Quote Originally Posted by Allen Cress View Post
When training specifically for development (cosmetics) I could care less how much I lift. My only guideline is if its challenging in whatever rep range I do. I haven't focused on how much I lift since I use to compete in powerlifting. Most don't do 20 or 30 rep squats because they are soo demanding and obviously you have to put less weight on the bar and a lot of peoples ego gets in the way.

There is nothing wrong with increasing strength, but the problems is when people in the industry say the only way to grow or increase muscle mass is to get stronger or add more and more weight to the bar, this just isn't true.

There is a ceiling effect to max strength so what happens when you cant lift more does that mean you can't grow? Of course not. Your muscle only knows how much stress its under not how much weight you are lifting and yes there is a difference. Training the muscle and not the movement is one way to activate more muscle fiber and to target what your trying to develope.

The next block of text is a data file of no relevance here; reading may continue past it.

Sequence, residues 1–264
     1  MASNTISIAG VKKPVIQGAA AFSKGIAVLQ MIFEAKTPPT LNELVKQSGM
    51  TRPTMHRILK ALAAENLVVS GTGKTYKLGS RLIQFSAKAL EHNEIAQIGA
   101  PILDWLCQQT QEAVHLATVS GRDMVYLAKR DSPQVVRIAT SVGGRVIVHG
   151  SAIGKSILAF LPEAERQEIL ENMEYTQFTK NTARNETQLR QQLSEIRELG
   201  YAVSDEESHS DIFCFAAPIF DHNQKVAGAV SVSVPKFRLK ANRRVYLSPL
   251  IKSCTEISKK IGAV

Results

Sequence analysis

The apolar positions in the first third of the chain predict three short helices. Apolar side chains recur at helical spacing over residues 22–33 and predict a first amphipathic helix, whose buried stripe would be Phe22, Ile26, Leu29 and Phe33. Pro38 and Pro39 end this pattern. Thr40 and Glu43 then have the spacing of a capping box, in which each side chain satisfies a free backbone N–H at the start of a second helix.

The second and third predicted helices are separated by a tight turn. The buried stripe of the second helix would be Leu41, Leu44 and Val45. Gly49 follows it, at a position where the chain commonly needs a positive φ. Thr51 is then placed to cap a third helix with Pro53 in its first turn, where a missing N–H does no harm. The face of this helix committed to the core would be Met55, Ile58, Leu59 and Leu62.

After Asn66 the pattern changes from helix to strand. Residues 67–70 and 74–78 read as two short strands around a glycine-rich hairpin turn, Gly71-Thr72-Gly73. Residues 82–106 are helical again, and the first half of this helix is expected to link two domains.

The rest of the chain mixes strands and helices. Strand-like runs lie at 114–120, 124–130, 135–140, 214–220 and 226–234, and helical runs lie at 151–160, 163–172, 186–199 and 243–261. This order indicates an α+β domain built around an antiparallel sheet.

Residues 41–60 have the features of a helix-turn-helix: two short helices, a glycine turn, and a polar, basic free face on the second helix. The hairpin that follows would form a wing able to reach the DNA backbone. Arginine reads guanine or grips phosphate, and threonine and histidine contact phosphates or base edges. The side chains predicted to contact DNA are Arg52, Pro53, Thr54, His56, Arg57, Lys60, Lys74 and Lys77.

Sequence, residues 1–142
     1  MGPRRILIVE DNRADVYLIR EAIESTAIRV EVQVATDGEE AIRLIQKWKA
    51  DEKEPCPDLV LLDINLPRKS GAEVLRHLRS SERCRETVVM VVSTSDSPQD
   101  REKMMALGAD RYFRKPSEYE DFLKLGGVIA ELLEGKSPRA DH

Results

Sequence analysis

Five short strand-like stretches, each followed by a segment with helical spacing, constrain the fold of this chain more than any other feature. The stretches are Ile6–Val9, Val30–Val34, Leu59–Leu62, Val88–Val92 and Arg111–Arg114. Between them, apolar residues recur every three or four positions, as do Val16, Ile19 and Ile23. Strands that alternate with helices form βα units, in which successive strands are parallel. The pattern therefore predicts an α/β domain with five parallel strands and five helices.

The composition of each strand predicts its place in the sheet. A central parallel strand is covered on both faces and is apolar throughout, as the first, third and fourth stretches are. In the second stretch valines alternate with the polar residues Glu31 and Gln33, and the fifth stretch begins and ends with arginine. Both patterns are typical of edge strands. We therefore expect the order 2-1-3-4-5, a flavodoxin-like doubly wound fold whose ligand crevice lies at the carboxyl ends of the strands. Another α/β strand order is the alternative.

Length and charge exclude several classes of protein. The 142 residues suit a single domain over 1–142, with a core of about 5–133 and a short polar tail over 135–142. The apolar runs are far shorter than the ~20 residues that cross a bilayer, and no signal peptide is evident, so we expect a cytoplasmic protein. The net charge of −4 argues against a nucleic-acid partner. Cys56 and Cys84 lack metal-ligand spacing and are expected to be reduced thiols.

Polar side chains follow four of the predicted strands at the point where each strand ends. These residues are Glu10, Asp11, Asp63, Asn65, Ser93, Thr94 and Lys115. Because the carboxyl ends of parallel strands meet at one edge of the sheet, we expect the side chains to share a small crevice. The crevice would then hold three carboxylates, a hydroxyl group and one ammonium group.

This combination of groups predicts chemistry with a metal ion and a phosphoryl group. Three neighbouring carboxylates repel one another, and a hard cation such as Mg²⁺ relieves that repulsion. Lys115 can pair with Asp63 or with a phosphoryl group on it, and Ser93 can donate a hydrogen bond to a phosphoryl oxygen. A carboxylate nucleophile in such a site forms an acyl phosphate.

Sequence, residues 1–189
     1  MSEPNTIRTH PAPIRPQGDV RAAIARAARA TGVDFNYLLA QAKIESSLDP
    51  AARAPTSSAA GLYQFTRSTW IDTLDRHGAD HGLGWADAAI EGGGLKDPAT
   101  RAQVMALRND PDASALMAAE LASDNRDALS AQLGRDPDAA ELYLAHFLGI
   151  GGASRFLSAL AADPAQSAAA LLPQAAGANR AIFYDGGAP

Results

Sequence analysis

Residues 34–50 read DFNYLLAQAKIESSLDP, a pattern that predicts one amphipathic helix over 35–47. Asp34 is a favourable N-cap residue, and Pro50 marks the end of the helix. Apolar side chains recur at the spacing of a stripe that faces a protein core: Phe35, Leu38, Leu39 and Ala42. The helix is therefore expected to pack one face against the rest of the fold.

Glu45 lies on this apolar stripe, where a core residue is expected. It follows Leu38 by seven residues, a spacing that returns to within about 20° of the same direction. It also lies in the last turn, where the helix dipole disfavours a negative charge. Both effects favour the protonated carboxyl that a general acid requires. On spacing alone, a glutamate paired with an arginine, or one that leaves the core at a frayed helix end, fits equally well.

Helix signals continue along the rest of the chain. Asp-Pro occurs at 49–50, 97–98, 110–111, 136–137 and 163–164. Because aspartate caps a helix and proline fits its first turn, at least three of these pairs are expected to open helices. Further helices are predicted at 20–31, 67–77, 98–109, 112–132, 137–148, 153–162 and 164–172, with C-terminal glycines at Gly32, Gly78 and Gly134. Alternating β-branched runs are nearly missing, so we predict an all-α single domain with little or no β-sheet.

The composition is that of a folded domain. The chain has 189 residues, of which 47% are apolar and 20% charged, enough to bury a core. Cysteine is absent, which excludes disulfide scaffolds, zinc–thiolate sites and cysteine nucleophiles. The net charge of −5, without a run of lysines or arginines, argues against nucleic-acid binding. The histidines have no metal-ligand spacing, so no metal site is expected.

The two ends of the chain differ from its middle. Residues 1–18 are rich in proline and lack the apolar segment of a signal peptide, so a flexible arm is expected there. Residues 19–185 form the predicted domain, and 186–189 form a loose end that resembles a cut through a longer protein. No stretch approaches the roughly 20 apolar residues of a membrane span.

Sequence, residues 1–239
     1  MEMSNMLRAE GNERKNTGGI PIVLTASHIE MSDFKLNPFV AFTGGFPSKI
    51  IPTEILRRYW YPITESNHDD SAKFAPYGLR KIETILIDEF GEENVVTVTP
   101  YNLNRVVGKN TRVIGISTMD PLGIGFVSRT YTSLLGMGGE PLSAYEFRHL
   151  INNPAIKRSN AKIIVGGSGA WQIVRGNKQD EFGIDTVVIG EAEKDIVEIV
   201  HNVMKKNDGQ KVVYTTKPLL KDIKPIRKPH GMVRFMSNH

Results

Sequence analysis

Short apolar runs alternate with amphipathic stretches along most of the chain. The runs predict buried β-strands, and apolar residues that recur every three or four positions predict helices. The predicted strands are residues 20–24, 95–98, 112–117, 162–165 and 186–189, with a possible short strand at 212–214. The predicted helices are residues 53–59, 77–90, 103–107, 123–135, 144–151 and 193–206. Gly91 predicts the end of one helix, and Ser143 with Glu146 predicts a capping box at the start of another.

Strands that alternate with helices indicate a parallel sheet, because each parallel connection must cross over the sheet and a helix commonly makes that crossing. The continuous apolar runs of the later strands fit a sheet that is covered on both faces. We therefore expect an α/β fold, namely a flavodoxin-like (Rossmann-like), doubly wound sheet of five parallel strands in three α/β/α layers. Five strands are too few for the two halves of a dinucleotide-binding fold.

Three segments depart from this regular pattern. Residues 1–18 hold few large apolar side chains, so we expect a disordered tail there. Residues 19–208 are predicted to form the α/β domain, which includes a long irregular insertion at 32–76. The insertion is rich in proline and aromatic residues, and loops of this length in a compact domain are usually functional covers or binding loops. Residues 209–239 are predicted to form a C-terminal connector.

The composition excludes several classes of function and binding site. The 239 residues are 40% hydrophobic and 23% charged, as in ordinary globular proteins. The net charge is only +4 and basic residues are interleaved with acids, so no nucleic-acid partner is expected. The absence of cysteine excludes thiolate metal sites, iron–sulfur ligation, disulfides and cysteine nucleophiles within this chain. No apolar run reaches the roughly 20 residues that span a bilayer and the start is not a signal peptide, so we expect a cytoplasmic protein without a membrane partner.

Also training in different ranges and planes of motion outside of traditional lifts will stimulate more muscle activation as well which will induce growth. Learning how to properly lift a weight for a desired effect is what is missing with most when training for muscle development.

Another thing is if you just focus on training intensely and properly stimulating the muscle strength will come overtime. Once I started training the way I train now, after I stopped powerlifting, I gained twice the size I ever did when training just for strength.

Now I'm not saying you should never do low reps as I still surf the strength curve, but if size is your main goal you should mainly stay in the 6-20 rep range and incorporate functional moves as well. Proper program design tailored to the individual is very important.
Thanks, that was a great reply. I am finding myself more interested in looks vs. strength but I have a lot to learn.